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Wednesday, March 5, 2014

U of FM: Knights Templar and the Crusades

Pete Taggart, 32° KCCH and professor of history at Simpson College have a thought provoking presentation on the Crusades and the Knights Templar.  Beginning with a background sketch on the historical environment that led to the Crusades (the four 'official' Crusades), Bro. Taggart then gave a brief account of events in the Crusades.  Taggart's research into the founding of the Knights Templar turned conspiracy theories on their head, bringing historical context into the discussion.

With many of the knights on crusade being lower nobility, they had little to return to in Europe after conquering the land the French termed 'Outremer' (meaning 'overseas').  Thus, when the fighting against the Seljuk Turks ended, many knights found themselves begging in the streets of Jerusalem.  After 19 years, eight knights had finally had enough of life as beggars, and approached the King Baldwin of Jerusalem, and thus formed the Poor Fellow Soldiery of the Temple, or the Knights Templar.  Their founding was more out of pity, than out of conspiracy.

The Templars later gained favor of the Pope, and were made a holy order.  Thus, donations to the Templars started pouring in, inadvertently leading to the decline of the crusades.  One could much easier make donations to their local Templar preceptory instead of either going on crusade or donating to the Church to fund the crusades, the decline of crusades began.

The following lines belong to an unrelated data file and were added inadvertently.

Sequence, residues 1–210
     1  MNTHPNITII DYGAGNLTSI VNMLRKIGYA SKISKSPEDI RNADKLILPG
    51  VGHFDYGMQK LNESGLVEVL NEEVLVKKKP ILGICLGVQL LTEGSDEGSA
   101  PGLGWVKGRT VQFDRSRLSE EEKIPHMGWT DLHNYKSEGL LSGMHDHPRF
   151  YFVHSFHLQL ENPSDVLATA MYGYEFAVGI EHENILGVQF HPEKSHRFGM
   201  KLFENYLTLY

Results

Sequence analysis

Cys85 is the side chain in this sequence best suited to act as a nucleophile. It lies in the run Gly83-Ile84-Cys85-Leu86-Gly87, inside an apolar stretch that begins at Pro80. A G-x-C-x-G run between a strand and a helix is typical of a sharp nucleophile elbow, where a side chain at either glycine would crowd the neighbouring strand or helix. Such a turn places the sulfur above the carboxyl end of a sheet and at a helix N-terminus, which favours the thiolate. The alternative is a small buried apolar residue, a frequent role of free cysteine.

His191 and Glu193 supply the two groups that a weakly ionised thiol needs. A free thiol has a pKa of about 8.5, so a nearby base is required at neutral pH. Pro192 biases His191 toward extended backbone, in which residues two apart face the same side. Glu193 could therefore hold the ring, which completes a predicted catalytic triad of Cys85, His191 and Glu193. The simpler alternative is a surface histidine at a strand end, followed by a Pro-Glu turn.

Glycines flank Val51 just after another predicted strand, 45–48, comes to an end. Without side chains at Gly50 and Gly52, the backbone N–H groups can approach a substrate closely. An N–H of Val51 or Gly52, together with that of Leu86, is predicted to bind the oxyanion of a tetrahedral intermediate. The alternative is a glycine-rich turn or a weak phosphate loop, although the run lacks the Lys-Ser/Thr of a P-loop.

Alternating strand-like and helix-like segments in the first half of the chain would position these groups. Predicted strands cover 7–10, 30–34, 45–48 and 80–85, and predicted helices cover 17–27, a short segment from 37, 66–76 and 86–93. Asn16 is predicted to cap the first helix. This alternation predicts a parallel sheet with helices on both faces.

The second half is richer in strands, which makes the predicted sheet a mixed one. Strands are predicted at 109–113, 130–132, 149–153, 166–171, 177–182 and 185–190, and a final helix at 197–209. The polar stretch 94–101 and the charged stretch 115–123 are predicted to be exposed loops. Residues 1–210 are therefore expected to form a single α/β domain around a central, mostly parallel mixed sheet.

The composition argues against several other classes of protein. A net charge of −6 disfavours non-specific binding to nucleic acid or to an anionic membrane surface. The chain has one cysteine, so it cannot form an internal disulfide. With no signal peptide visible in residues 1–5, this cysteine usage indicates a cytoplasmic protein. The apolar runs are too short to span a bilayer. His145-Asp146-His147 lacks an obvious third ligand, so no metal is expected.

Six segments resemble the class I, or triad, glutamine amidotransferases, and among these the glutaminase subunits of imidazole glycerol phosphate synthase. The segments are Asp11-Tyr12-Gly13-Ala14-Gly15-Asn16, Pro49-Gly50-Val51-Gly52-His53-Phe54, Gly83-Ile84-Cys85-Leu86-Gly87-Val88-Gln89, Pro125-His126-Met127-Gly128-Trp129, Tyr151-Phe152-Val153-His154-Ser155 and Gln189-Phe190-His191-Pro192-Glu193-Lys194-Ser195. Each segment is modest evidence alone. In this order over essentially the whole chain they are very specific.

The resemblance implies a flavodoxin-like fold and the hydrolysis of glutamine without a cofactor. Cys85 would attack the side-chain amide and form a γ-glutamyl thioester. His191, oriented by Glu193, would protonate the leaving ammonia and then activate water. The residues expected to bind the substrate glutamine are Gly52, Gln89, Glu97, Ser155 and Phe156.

After Saladin retook Outremer from the europeans, and the power and wealth of the Templars was at its height, the Templars became the target of jealousy.  King Philip IV of France, being deeply in debt to the Templars, and jealous of their wealth, saw an opportunity to usurp it.  On Friday 13, 1307, the Templars in France were arrested.  Many confessed to heretical acts under torture, and suffered the consequences.  The Templar Grand Master, Jacques deMolay, recanted his testimony of heresy in front of a crowd gathered in front of the fames Notre Dame cathedral in the middle of the River Seine in Paris, and was then burned at the stake.

Taggart's research put a new light on the story of the Templars, looking at history through the lens of what else was happening at the time, while bringing humor to the preposterousness of many conspiracy theories surrounding them.

A very enlightening presentation to the many assembled.

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